Video: Here’s Why The Toyota Supra Is The Most Underappreciated New Sports Car!

We take a look at both the 2.0-liter and 3.0-liter versions

Video: Here's Why The Toyota Supra Is The Most Underappreciated New Sports Car!
The new Toyota Supra is a solid sports car, but it’s not currently a massive seller. (Image: TFLcar)

Since the day it came out, the new Toyota Supra has been the center of numerous debates.

There’s good reason for the heated debate, though — there are a lot of pros and cons with the Toyota Supra. Some diehard enthusiasts are (still) upset at Toyota’s decision to partner with BMW to make the A90 generation happen. Some are displeased with the new design, while others are vexed at the lack of a manual transmission.

On the other hand, the new Toyota Supra has won critics over and gained new fans with its tenacious handling, blistering performance and unique design. The base $43,000, 2.0-liter Supra comes with a turbocharged 255 horsepower engine making 295 lb-ft of torque, and comes mated to an 8-speed automatic transmission. Both are BMW-sourced, but Toyota makes their own tweaks to make the Supra stand out a bit more.

Naturally, the engine you really want is the dynamite, turbocharged 382 hp straight-6. That engine that makes 368 lb.-ft. of torque, and also comes paired to an 8-speed automatic transmission. This powertrain is a screamer, and it feels much more visceral than BMW’s own application of the same engine, depending on which car you compare the Supra against.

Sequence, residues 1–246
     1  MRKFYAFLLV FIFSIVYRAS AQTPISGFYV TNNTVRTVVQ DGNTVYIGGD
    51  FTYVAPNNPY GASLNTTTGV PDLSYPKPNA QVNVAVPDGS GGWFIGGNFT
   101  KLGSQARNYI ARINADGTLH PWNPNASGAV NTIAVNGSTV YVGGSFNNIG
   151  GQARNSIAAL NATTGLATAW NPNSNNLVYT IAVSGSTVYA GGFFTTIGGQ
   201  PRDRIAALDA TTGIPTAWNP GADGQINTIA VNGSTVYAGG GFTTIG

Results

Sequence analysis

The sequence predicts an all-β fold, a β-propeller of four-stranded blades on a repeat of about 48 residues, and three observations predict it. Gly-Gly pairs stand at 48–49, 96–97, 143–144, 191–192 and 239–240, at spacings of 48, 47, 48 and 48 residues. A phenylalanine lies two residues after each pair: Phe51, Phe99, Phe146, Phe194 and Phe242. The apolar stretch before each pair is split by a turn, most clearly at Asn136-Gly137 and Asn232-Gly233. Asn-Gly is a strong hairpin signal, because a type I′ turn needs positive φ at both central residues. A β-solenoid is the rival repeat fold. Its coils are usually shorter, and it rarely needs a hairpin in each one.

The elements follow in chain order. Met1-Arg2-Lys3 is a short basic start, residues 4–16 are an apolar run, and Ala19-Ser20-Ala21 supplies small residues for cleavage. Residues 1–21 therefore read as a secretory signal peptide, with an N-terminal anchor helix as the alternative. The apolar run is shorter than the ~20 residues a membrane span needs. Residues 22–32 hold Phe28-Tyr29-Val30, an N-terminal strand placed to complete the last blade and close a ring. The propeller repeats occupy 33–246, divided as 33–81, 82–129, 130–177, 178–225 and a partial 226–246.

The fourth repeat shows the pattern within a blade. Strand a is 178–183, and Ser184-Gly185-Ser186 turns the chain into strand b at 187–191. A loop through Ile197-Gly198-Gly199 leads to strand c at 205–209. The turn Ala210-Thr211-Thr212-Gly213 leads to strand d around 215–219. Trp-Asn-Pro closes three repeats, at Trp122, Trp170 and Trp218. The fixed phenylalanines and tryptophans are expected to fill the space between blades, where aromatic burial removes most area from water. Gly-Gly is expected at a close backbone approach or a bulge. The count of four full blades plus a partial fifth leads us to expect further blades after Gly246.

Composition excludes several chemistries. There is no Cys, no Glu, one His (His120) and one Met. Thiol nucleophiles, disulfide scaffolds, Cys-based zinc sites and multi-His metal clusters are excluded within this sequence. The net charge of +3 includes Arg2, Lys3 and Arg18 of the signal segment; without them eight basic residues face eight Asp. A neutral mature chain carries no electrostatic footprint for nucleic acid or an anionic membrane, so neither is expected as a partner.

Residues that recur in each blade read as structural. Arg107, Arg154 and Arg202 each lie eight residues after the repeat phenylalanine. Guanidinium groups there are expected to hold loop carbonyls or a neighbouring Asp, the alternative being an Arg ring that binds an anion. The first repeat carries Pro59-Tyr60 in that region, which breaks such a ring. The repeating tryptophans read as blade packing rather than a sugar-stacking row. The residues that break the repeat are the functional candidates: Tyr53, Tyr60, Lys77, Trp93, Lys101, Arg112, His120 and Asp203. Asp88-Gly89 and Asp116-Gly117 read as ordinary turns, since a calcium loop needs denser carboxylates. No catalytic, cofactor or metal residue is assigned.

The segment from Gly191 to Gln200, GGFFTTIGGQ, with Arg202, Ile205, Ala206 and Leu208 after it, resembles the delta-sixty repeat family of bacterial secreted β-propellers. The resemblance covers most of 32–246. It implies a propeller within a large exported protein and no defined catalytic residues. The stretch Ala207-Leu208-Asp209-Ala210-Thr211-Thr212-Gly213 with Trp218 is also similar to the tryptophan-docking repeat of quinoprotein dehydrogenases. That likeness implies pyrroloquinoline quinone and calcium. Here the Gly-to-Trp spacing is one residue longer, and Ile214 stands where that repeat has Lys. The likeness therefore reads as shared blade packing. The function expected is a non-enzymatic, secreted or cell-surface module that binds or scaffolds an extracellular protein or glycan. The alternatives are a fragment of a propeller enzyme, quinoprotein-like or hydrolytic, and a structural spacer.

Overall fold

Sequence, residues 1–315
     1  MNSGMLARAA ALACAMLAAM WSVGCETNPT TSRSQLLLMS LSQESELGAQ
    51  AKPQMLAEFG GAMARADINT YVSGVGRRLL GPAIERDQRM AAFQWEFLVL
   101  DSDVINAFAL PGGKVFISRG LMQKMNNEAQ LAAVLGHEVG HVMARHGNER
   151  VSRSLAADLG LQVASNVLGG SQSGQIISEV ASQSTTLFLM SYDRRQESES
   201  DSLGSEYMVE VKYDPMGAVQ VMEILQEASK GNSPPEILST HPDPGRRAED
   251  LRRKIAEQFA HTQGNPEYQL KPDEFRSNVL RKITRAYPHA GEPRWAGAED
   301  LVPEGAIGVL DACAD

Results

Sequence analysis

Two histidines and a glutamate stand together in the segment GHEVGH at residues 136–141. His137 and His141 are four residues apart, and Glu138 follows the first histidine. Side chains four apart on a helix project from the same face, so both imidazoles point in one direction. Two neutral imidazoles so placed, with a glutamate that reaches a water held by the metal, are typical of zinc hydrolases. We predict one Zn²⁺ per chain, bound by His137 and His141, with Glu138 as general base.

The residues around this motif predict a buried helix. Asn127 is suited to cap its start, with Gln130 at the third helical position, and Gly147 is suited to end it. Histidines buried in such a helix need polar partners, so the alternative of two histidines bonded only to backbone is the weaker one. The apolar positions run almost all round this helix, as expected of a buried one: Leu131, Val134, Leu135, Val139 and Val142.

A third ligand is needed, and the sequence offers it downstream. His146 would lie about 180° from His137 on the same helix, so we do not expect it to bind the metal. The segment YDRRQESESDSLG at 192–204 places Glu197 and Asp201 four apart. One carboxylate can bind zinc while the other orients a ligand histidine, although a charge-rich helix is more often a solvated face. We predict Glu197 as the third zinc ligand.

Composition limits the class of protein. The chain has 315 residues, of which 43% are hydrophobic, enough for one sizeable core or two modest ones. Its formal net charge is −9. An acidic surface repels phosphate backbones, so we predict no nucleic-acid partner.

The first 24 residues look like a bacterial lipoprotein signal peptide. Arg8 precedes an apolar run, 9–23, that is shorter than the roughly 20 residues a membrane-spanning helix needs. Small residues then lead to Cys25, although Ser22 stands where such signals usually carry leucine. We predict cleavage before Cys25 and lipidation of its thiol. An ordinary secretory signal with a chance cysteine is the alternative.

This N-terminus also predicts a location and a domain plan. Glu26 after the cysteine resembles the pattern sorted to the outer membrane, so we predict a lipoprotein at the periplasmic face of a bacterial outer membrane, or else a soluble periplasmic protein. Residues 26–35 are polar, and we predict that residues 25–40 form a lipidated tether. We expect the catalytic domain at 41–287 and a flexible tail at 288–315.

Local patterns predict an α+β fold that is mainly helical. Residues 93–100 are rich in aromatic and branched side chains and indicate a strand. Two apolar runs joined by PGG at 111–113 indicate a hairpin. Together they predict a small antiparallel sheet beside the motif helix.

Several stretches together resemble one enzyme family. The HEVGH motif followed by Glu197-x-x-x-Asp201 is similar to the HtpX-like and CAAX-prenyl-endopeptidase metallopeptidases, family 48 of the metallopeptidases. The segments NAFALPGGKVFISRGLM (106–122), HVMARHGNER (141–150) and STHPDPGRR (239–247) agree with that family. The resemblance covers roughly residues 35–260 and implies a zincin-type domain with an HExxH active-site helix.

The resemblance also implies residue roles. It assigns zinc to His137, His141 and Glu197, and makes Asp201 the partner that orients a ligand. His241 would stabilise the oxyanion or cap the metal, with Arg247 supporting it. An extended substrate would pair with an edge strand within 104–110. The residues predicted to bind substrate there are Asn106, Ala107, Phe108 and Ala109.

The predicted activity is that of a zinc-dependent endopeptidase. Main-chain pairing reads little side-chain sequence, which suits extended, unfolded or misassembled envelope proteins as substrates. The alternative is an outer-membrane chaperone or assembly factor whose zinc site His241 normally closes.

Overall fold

Video: Here's Why The Toyota Supra Is The Most Underappreciated New Sports Car!

Both Toyota Supras are electronically limited to a top speed of 155 mph — which sucks.

Aside from a cheaper price, and better economy, the other benefit to the four-cylinder Supra is the fact that its over 200 pounds lighter. That said, the 3.0-liter can give the new Corvette a hard time around a track, and that’s saying something. No one will confuse your Supra for a Camry, either. The design is eye-catching, at the very least.

With all of that being said, there are a few issues that can’t be understated. One of the issues is more of a question than anything else: Why did Toyota work with BMW? I guess you could say the same thing about Toyota working with Subaru on the 86/BRZ. I mean, Toyota is an automotive juggernaut, right? Don’t they have the resources to build their own in-house sports car?

These questions, and a few others are examined by Roman and Tommy in this video: